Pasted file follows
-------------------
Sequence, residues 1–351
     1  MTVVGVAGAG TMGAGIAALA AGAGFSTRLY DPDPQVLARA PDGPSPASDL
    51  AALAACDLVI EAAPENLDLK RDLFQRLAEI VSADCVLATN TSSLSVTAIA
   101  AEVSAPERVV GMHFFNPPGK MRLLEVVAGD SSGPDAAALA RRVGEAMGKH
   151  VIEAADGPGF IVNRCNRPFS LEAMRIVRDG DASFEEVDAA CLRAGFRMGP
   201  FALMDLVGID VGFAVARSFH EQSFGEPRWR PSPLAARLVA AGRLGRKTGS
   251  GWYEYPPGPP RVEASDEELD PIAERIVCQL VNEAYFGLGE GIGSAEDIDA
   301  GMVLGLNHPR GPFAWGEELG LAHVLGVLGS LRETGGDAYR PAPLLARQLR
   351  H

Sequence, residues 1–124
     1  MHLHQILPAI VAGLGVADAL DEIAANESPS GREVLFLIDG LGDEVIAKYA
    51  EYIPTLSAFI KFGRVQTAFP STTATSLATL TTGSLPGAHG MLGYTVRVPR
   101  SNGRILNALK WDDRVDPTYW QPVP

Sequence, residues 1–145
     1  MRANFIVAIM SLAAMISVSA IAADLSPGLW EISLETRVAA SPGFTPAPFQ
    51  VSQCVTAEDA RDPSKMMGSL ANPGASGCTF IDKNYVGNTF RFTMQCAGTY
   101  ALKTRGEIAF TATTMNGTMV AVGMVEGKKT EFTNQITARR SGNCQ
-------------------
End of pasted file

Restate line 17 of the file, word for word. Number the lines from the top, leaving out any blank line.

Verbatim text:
   101  ALKTRGEIAF TATTMNGTMV AVGMVEGKKT EFTNQITARR SGNCQ